Fertilizing Citrus Trees: Learn When To Fertilize A Citrus Tree

Citrus trees are beautiful fruit-bearing trees, but they sometimes require a little extra nourishment with citrus fertilizer.

Taking care to fertilize your citrus trees at least twice a year will pay off and provide healthier fruits for harvesting.

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Bag of Citrus Plant Food Fertilizer | PlantCareToday.com
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When To Fertilize Citrus Trees

When citrus trees bloom depends on the variety and species, but having the information will put you in place to take the first step in fertilization. Understanding your area’s climate and season cycle is key to knowing when and how your citrus trees will bloom.

You should first apply fertilizer right before blooming time. As the air starts to warm following winter, citrus starts to “wake up” and prepares to produce seeds and, by proxy, blooms. 

You want to get fertilizer down before the bloom occurs, but not while the tree is still totally dormant from winter. A good rule of thumb is to plan on Valentine’s Day for the first fertilization on mature citrus trees.

In a few months, you can apply a second helping of citrus fertilizer. This application should occur around late spring (May), in the general ballpark of Memorial Day.

Finally, if your citrus trees need it, you can apply a third and final round of fertilizer. This last round can occur about a month after the second one. Avoid fertilizing too late in the season, as it can cause your fruit’s quality to decrease.

It’s quite common for gardeners not to fertilize their citrus trees regularly enough, or they don’t do it at all. Citrus trees often require extra fertilization and this is normal for them. It is not a reflection of your gardening skills.

Despite citrus trees needing fertilization often, it’s better to err on the side of under-fertilization as opposed to over-fertilization. Remember, you can always add more but not take any away. Over-fertilization can lead to “burning” your citrus, which you do not want.

What Kind of Fertilizers Are Food Citrus?

Citrus trees thrive in soil with high nitrogen content. Many brands produce specialty fertilizer specific to the needs and requirements of citrus plants.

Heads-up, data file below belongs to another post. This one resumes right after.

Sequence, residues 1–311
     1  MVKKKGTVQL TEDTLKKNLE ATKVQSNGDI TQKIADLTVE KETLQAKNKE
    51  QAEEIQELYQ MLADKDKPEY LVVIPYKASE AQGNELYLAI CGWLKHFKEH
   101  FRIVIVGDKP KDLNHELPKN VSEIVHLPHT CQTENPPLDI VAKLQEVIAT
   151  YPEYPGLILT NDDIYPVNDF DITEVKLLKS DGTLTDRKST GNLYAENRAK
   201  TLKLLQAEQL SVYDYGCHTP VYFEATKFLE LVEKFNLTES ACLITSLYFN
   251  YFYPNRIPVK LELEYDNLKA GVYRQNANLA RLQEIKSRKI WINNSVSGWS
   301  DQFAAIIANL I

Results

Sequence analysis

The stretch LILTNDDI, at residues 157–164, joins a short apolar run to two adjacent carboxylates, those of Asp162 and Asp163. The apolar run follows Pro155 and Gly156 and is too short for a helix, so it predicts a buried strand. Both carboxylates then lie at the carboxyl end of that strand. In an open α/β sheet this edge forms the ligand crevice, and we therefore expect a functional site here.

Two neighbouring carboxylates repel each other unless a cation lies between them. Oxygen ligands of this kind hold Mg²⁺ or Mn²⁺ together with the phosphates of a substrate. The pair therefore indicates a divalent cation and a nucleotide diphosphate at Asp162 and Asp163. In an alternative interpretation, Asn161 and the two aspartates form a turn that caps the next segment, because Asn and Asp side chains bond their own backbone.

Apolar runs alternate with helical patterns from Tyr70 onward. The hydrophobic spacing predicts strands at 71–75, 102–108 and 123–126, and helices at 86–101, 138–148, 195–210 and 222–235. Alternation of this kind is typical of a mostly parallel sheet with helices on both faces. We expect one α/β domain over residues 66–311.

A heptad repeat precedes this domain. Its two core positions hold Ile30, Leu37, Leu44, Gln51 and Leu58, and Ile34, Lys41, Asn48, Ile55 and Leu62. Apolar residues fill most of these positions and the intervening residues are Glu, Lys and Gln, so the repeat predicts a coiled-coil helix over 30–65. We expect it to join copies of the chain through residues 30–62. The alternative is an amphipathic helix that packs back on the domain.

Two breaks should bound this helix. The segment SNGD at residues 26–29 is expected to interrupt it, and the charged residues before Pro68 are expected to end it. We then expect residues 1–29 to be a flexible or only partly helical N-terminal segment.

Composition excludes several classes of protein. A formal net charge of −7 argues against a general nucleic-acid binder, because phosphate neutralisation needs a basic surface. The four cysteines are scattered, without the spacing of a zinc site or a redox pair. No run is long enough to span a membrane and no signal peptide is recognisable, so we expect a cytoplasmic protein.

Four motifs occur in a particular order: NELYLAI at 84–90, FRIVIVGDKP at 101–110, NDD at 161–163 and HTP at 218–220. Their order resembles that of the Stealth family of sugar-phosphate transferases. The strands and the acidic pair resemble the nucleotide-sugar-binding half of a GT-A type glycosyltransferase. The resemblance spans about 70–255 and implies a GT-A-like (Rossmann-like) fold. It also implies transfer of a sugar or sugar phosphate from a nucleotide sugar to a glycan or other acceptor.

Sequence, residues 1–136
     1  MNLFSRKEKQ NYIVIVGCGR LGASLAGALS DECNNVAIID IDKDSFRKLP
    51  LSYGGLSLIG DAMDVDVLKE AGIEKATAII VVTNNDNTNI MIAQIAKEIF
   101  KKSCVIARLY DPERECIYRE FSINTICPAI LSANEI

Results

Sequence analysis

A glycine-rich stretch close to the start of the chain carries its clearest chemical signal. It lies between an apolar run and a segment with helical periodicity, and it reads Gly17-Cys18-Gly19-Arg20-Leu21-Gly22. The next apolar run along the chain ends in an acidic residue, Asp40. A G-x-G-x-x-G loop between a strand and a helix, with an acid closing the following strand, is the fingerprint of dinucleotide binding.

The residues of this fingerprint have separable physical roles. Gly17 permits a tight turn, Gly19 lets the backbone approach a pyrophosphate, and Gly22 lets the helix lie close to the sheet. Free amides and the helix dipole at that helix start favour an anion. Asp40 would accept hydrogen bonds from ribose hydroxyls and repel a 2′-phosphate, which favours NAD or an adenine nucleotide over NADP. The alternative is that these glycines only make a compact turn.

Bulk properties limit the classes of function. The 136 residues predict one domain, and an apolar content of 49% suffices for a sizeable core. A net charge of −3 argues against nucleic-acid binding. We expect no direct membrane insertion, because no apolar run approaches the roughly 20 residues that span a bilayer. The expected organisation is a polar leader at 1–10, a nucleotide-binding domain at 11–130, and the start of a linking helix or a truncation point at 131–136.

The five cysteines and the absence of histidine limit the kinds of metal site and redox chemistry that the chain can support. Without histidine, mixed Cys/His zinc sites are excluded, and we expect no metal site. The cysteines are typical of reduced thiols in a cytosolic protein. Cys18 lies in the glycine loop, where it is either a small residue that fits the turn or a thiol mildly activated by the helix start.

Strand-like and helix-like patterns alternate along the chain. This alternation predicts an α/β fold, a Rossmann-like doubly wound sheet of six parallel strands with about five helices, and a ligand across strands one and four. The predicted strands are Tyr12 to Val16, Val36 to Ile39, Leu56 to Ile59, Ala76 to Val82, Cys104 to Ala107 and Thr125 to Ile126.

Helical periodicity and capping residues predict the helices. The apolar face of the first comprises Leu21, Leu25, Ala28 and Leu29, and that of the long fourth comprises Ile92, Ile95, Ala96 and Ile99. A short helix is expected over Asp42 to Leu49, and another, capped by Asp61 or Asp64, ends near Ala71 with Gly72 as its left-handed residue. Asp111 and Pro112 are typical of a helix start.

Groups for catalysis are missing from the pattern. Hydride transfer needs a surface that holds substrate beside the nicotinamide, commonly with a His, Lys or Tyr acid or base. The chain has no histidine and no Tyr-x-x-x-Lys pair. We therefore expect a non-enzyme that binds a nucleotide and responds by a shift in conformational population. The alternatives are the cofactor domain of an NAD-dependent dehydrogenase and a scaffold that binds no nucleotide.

If your citrus is growing as potted citrus trees, they will likely need more nitrogen than a plant grown in a landscape setting.

It’s also common for citrus trees to suffer from an iron or zinc deficiency. Applying liquid chelated iron for plants and other micronutrients can provide a quick way to deliver some much-needed iron to your soil.

How Does Fertilizer Help Citrus?

Maintaining a consistent fertilization practice helps citrus from the inside-out. It means you don’t have to treat issues topically that may occur if your citrus is lacking in nutrients and overall health.

Once a citrus plant starts taking up the nutrients through the soil the fertilizer provides, its internal defenses increase. In good health, the citrus plant can fight off fungal infections and other commonly-occurring problems better.

Identifying Common Deficiencies in Citrus

Since fertilizer helps prevent deficiencies, it’s useful to identify symptoms for common ailments that plague citrus when they lack particular nutrients.

How Can I Tell If My Citrus Has Iron Deficiency?

In plants, an iron deficiency results in chlorosis. The hallmark appearance of this condition is when the leaves on the plant appear yellow. The youngest leaves and newest growth are affected first, so it’s best to check there during your inspection.

During the early onset of symptoms, the veins of the yellowing leaves will remain green. However, as time goes on, the condition spreads further throughout the plant, the veins will also begin to yellow.

How Can I Tell If My Citrus Has Nitrogen Deficiency?

Nitrogen deficiency in citrus plants is something you want to avoid even more than an iron deficiency. Nitrogen is the most vital nutrient for a citrus tree and what you should work hardest to maintain in your plants.

When your citrus is low on nitrogen, the effects will manifest in various ways. Overall, the deficiency will stunt growth in nearly every aspect of the plant’s functions and output.

In leaves, a lack of nitrogen will cause them to grow smaller and paler than they should. They also die off and shed earlier in the season. This issue causes the stems and majority of the tree to go without protection for longer than it should, causing problems that lead to low fruit quality.

Fertilize Citrus Twice a Year

Remember to maintain a regular fertilization program with citrus fruit. Fertilize the plants twice a year, in early February and late May, and your citrus trees will grow more richly and intensely. Your citrus plants will thank you for it.

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